Faster border crossings, expanded truck routes and new hotels are spurring a wave of economic growth in the southern part of San Diego County, local economists, business executives and politicians said at a six-hour economic forum of the South County Economic Development Corp. on Oct. 10.
In general, economists said, the county as a whole has returned to the job levels and economic growth rates it was experiencing before the recession began, and South County is poised to benefit more than other areas from some specific events, such as last month's expansion of the San Ysidro border crossing.
"Everything that people in South County have been working on for so long is finally coming to fruition," said Cindy Gompper-Graves, who heads South County EDC. "The economy's turning around and we have to make sure that the growth that's happening now produces more growth."
One of the most significant events that has happened in South County is the expansion of the San Ysidro border crossing. Since the United States increased the number of border gates last month, rush-hour wait times that used to last longer than two or three hours during peak traffic times are just 10 to 25 minutes.
The long wait times used to cost San Diego County around $3.4 billion in total output and income losses, by slowing the time it took trucks to transport freight and making it harder for people to cross the border to do business, according to estimates by the San Diego Association of Governments.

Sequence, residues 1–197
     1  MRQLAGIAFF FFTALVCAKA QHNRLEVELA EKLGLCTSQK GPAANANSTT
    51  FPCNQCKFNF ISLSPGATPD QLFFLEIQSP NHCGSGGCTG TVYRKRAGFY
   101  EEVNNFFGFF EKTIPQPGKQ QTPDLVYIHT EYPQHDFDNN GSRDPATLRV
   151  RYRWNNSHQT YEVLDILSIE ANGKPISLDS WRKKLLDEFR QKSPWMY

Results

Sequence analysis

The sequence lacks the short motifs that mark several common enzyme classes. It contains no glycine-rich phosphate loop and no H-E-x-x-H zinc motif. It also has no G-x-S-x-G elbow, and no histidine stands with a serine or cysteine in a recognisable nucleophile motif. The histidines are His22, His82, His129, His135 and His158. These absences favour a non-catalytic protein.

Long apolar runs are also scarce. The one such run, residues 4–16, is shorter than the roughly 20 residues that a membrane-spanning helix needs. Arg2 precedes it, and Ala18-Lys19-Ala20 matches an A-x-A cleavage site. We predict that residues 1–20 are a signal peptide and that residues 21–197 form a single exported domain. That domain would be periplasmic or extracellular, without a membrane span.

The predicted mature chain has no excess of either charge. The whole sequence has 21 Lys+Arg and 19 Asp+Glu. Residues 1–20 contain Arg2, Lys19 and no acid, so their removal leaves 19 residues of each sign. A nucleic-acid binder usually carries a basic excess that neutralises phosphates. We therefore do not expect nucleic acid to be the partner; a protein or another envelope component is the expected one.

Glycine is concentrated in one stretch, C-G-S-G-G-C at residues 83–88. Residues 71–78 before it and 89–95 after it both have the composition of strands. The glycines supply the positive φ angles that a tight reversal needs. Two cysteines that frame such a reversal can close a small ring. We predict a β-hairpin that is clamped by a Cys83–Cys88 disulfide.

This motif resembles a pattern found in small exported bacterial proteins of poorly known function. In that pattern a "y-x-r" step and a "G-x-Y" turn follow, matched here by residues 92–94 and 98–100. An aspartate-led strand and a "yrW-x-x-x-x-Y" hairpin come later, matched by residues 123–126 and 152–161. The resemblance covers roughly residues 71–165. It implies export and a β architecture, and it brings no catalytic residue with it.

The easier traffic flow should aid manufacturers that operate on both sides of the border, many of which are in Otay Mesa and other areas of South County. In addition, it will make it easier for Mexican shoppers to come north to buy U.S. goods.
"We should soon be seeing numbers on what impact this has on things like entertainment and retail sales," Gompper-Graves said. "I can't wait to see what happens during the Christmas season."
In addition, some new hotel developments are spurring growth in the area, such as the Bayfront Chula Vista project on San Diego Bay's southern waterfront and Pier South Resort, Marriott's new hotel in Imperial Beach.
City officials from Imperial Beach said the Marriott, which includes a gourmet restaurant operated by the Cohn family, has been a catalyst for growth along Seacoast Drive, drawing restaurants, retailers and a branch of Coronado Brewing Co. Business sites that stood vacant for years are now being snapped up pretty quickly, they said.
Nevertheless, the region still faces major challenges, such as stagnant wages and unemployment rates in the double-digits, even during the best of times.
"On the whole, the county has more than recovered the number of jobs that we lost during the recession, but most of the jobs that we regained pay well below the average salary," said James Gerber, economist with San Diego State University.
"We've seen some growth of high-end, high-skilled jobs, but we've seen a lot more growth in low-end, low-skilled, low-wage jobs. It's not just San Diego where that's happening. It's the country as a whole."